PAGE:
The Big Ten saw an unprecedented number of coaching changes during the offseason, as three head coaches were dismissed, Wisconsin's staff lost six assistants and many other moves were made. Barring an unexpected change, only four teams -- Michigan, Michigan State, Minnesota and Northwestern -- will return their full staffs intact for the 2012 campaign.
Although the coaching carousel hasn't quite reached its end, Big Ten teams have filled all of their coordinator vacancies for the coming season. The league will have 13 new coordinators at eight different programs.
It's time to pass out quick grades for the coordinator hires (co-coordinators are graded together):
Co-offensive coordinators Billy Gonzales and Chris Beatty
Previously: Gonzales was LSU's receivers coach and pass-game coordinator; Beatty was Vanderbilt's receivers coach
Adam Rittenberg: C
Gonzales and Beatty both are strong recruiters who should help bring talented players to Champaign, but they're both young and unproven as playcallers. They should bolster Illinois' receiving corps, but I'd expect a few growing pains on game days as they adjust to bigger roles with a unit that flat-lined late in the 2011 season.
Brian Bennett: B-
Both are energetic guys who should adapt well to Tim Beckman's style, and both were considered up-and-comers. But as Adam mentioned, neither had led an offense before, so it's hard to give this too high a grade yet.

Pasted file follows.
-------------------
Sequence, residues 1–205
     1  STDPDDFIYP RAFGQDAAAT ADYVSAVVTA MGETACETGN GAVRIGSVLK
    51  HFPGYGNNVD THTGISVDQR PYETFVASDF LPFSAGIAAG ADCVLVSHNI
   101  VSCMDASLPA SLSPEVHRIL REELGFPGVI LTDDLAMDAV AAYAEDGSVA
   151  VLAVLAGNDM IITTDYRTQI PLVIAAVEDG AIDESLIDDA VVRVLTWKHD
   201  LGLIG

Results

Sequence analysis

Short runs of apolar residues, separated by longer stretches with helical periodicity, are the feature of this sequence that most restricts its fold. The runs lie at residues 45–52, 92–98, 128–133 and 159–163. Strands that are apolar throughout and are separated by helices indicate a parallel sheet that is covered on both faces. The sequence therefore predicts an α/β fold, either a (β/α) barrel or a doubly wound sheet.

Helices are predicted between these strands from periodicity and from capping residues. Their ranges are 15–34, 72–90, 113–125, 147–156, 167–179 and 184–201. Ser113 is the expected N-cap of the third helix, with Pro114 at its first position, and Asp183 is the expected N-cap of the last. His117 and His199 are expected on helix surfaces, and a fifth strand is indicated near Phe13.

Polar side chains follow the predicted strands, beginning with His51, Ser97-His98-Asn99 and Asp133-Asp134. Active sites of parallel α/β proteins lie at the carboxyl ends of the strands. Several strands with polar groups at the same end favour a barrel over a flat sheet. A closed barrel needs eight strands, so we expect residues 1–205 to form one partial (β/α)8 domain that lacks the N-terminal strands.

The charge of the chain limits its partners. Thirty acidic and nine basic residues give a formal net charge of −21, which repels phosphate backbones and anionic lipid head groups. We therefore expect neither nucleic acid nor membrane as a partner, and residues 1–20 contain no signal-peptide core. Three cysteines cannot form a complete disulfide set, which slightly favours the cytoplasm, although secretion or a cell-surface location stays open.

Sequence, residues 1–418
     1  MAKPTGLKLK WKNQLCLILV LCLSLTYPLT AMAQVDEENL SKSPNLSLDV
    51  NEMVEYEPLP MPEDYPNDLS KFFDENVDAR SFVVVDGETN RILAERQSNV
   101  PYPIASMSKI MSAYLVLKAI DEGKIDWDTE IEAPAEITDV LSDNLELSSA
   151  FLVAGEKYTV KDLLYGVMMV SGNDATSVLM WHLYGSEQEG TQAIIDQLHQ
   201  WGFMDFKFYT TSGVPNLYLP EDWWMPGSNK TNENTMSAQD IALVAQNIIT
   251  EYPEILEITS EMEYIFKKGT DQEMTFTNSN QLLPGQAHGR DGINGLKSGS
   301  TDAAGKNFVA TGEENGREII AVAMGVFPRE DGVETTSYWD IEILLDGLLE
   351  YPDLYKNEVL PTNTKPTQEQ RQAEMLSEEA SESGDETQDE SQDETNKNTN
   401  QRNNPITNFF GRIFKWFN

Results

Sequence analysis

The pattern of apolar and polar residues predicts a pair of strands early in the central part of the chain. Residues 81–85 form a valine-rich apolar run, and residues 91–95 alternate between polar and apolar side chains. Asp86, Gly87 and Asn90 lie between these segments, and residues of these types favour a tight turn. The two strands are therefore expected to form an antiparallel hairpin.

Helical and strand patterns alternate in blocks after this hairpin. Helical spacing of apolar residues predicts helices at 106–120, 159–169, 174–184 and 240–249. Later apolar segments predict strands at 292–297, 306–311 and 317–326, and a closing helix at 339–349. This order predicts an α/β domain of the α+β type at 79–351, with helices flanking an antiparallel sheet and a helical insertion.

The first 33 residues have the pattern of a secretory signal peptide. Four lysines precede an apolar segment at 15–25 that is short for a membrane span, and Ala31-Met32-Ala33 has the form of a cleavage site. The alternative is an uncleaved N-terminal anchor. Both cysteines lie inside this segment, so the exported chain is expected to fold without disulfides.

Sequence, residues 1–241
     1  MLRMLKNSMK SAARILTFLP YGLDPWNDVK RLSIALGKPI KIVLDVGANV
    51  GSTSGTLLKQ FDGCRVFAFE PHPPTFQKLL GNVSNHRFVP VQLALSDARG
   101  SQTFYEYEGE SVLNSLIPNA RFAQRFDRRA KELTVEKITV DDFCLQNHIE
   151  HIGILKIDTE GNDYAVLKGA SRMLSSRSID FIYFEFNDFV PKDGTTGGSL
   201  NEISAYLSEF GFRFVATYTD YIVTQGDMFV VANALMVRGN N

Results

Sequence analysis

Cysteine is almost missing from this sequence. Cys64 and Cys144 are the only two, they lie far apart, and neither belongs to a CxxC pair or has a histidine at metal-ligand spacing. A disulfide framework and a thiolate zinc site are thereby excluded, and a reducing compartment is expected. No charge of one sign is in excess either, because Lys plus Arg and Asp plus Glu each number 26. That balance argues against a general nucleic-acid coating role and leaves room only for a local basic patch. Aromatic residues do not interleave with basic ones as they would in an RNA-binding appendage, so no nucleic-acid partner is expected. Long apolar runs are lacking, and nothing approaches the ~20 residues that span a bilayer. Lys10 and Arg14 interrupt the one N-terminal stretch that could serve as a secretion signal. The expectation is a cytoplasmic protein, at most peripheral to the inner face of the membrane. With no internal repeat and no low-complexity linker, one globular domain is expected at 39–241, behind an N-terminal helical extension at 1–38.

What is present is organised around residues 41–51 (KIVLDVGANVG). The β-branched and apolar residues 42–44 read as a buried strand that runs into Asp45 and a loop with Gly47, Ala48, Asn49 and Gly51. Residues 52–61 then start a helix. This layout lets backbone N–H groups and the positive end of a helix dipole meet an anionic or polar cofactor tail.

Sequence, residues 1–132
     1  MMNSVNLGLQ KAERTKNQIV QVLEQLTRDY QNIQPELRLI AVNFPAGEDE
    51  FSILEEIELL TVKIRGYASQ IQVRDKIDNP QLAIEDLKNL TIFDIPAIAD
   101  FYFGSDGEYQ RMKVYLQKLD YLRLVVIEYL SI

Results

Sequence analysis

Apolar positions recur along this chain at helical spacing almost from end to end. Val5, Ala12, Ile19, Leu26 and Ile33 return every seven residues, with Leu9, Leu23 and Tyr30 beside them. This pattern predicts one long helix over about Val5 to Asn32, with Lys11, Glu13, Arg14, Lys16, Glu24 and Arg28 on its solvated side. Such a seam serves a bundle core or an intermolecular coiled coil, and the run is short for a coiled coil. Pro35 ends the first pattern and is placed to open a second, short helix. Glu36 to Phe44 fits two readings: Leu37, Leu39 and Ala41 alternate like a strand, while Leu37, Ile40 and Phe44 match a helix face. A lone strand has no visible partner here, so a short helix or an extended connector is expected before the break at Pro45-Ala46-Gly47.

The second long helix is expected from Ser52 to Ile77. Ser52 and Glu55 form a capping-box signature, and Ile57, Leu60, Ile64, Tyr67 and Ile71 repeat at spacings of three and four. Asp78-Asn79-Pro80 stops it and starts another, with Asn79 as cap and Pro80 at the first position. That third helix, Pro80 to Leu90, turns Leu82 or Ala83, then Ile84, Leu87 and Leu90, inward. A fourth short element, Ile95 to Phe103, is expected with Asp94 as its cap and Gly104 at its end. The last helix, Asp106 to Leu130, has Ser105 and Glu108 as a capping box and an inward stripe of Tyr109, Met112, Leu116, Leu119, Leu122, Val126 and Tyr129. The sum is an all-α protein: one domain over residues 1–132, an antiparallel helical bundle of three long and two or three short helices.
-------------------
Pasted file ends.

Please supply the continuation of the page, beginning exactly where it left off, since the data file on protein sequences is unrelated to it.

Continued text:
Defensive coordinator Tim Banks
Previously: Co-defensive coordinator and defensive backs coach at Cincinnati
Adam Rittenberg: A-
After a very successful 2011 season, Illinois' defense is looking for continuity and Banks can provide it. His aggressive style and pressure packages should translate well for a unit that still has a lot of talent in the front seven with linebacker Jonathan Brown, defensive tackle Akeem Spence and others.
Brian Bennett: B+
Vic Koenning declined to stay, and Jon Tenuta took the job for about 20 minutes before deciding to stay at NC State. As a third choice, Banks is a really nice hire and a better fit, in my opinion, than Tenuta would have been. After a tough first year with a Cincinnati defense lacking depth and experience, Banks did a great job turning that unit around in 2011. At Illinois, he merely needs to keep it going.
Offensive coordinator Seth Littrell
Previously: Offensive coordinator and tight ends coach at Arizona
Adam Rittenberg: B+
Littrell wasn't the reason Arizona made a coaching change in 2011, as his offense ranked third nationally in passing (370.8 ypg) and 15th in total yards (465.2 ypg). He comes from the fertile Mike Leach coaching tree and should help Indiana's offense become more balanced behind promising quarterback Tre Roberson.
Brian Bennett: A
It isn't easy to hire big-name coaches at Indiana, but Kevin Wilson got a good one as Littrell was left looking for a gig. The addition of Littrell already helped the Hoosiers land promising quarterback Nathan Sudfeld on the recruiting trail.
Offensive coordinator Greg Davis
Previously: Offensive coordinator and quarterbacks coach at Texas (didn't coach in 2011)
Adam Rittenberg: B